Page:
If you work out regularly, then you probably have experienced “runner’s high”– a feeling of euphoria combined with reduced anxiety and pain and not exhaustion and deliriousness. Although this is an amazing benefit of many provided by exercise, you may be surprised to learn that your endocannabinoid system is one of the main mechanisms at work for causing this natural mood-enhancing effect.
In short, the endocannabinoid system is a biological system found within all living vertebrates that regulates a number of functions including mood, appetite, pain, etc. in the body. Beyond exogenous cannabinoids found in cannabis, here you can find endogenous cannabinoids called endocannabinoids — natural chemical compounds mostly made up of lipids, or fat molecules produced by cells in your body.
Similarly to cannabis’ cannabinoids like CBD and THC, they bind to and activate cannabinoid receptor sites found throughout your body: mainly the nervous system and immune system which can lead to widespread health benefits including responding to illness, injury, and stress, illness, and injury, thus, keeping you healthy and happy. No matter the task, the goal of your endocannabinoid system is always the same: to keep your body in a balanced state, which is also known as homeostasis.
So, how does this all tie in with exercise?
For a long time, science believed that the phenomenon of “runner’s high” had everything to with the increase of endorphins — molecules that release mood-enhancing chemicals called opioid peptides that resemble synthetic opiates and work as analgesics to create feelings of well-being — in the blood. But, this was not the case.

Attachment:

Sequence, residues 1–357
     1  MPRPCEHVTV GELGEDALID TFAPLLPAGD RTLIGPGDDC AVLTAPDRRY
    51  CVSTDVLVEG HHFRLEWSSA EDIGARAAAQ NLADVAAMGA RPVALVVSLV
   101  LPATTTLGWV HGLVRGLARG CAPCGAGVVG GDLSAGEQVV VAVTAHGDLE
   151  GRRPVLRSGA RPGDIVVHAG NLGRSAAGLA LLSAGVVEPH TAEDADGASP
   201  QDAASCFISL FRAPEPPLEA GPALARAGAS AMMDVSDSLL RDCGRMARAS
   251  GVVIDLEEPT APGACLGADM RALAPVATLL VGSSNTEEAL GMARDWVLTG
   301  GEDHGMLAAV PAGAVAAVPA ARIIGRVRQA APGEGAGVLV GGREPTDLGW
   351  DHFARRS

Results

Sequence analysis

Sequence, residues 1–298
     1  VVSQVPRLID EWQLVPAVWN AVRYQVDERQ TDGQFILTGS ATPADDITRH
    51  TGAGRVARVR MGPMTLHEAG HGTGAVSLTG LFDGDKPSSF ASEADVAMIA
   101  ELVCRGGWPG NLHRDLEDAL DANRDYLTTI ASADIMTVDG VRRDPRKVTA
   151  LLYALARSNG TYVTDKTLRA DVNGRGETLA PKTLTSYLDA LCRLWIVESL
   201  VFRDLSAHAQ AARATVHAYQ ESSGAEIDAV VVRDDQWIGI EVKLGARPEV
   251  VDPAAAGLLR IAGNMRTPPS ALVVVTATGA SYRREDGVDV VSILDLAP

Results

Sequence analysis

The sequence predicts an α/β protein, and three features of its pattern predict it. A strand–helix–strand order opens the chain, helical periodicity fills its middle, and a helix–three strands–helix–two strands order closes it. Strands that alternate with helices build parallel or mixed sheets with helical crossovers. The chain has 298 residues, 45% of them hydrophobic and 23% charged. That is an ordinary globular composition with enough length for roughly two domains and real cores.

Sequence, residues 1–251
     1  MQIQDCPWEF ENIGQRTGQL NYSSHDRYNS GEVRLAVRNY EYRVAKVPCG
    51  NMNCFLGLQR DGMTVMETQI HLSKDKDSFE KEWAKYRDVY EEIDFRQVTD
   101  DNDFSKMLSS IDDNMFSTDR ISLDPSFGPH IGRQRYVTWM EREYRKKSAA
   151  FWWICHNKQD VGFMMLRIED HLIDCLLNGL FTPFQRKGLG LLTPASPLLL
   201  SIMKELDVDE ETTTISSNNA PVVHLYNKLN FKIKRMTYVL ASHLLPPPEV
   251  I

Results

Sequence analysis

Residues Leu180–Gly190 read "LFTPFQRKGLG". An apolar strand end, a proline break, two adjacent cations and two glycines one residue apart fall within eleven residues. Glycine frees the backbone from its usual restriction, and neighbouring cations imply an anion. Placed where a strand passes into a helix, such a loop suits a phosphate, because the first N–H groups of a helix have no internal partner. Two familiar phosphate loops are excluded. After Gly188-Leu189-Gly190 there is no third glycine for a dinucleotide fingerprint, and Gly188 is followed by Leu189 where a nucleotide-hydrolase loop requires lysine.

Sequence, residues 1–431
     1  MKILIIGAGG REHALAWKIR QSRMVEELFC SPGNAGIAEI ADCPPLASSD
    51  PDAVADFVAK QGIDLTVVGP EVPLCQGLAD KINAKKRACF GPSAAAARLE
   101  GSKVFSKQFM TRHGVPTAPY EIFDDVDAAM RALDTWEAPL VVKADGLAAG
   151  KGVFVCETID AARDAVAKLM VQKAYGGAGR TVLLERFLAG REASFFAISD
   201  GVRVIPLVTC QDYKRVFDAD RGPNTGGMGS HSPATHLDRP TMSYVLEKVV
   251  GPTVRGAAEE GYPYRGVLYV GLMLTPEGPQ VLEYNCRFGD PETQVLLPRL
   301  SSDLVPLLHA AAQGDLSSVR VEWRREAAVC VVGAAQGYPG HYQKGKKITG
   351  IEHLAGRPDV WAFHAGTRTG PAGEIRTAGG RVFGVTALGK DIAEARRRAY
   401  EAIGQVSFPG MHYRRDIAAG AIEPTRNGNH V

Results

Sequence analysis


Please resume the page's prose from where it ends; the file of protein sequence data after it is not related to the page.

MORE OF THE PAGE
While endorphins levels do indeed spike in the brain following physical activity, current research has found that this has little to do with their post-workout buzz, discovering that not endorphins, but endocannabinoids such as anandamide were responsible for producing this pleasant experience that comes on as a result of physical activity — in mice at least. Endocannabinoids were small enough to pass through the blood-brain barrier of the mouse models when released in the blood stream. On the other hand, endorphins were too big and were unable to make the full travel.
Furthermore, research has also found that higher levels of endocannabinoids were present in the blood of both people and animals after exercise.
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Fuss, Johannes, et al. A runner’s high depends on cannabinoid receptors in mice. Proc Natl Acad Ski U S A. 2015; 112(42): 13105-13108